Friday, May 2, 2008

20 x 10

Montana Governor Brian Schweitzer was on the (Boise) talk radio for a few minutes this morning; I happened to tune in.

He was talking about something that's on pretty much everybody's mind - the spiraling cost of fuel, and energy in general. And he had some interesting - and very realistic - insights.

For one thing, he talked about how the Democratic presidential candidates are promising to "get us out of Iraq" soon after they take office. (Schweitzer is a Democrat.) He said that's a joke. He was in the military, and was stationed in Saudi Arabia for 7 years, back in the '80s. He said as long as the USA is dependent on middle-eastern oil, we will have a military presence there. And anybody who wants us out of Iraq and/or the Mideast had better do his part to reduce that dependency.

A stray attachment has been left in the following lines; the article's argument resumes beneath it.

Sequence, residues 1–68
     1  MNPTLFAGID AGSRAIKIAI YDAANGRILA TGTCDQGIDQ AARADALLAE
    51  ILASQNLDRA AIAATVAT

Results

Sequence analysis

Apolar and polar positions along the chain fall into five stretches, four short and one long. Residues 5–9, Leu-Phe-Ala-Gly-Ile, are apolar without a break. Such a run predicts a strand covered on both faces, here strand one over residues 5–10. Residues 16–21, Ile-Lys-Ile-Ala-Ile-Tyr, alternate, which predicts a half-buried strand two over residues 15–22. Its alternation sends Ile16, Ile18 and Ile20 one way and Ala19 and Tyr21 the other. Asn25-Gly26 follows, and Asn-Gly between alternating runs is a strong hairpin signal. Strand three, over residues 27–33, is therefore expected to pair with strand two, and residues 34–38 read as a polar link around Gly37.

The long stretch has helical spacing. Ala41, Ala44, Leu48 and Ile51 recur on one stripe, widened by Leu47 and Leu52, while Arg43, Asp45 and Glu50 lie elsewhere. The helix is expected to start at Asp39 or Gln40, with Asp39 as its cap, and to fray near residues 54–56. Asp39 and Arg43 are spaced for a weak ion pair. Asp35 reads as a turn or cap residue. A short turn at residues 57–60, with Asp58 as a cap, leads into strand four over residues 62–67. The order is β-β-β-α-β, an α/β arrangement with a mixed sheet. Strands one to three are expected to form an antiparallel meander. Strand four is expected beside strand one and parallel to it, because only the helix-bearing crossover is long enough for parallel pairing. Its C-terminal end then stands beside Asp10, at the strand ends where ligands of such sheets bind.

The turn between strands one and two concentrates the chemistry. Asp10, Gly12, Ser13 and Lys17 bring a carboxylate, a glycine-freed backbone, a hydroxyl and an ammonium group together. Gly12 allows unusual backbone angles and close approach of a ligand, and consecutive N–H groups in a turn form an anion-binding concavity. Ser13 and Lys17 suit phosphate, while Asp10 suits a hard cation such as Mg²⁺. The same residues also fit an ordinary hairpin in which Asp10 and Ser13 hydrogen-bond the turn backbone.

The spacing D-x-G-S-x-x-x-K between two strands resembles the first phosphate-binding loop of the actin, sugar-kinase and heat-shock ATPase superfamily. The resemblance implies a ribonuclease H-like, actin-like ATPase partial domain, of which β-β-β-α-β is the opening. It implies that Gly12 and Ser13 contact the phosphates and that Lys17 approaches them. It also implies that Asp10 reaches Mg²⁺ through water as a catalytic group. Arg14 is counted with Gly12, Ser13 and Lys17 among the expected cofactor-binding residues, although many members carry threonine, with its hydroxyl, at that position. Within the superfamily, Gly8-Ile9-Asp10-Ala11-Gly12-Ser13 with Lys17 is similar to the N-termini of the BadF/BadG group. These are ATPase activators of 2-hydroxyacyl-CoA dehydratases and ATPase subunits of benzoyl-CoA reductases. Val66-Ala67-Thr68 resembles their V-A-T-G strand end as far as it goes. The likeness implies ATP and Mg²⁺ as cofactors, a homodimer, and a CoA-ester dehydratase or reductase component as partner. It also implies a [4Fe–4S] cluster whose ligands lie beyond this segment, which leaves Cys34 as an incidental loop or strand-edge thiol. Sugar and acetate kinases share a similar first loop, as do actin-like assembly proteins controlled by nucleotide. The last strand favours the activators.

He talked about Montana's "20 by 10" Program. They have an official energy efficiency program (more HERE) to reduce energy requirements by 20 percent, by the year 2010.

(He also talked about some innovative new energy reclamation technologies, like "coal gasification," that hold promise for the future. But mostly he was talking about here and now.)

What would it mean, to reduce energy requirements by 20%?

It would essentially mean the same thing as increasing the energy SUPPLY by around 20%.

It would mean decreasing the cost of energy in the budget by 20%, whether it be a state budget or a family budget.

Over the last year or so, the increased cost of gas has reduced fuel consumption... by TWO percent. That's not enough to make "Big Oil" even blink.

But if we collectively could reduce our consumption by TWENTY percent, believe me... it would get their attention, and you'd see some meaningful reductions in gas prices. (Of course, if those reductions resulted in everybody going back to their "normal" consumption levels, it would again change that supply/demand ratio.)

If those 90-plus percent of the people who drive alone to work every day would figure out an alternative, just one day a week... 20% reduction in fuel consumption. It's not rocket science, if even ME and an ol' rancher from Montana can figure it out...

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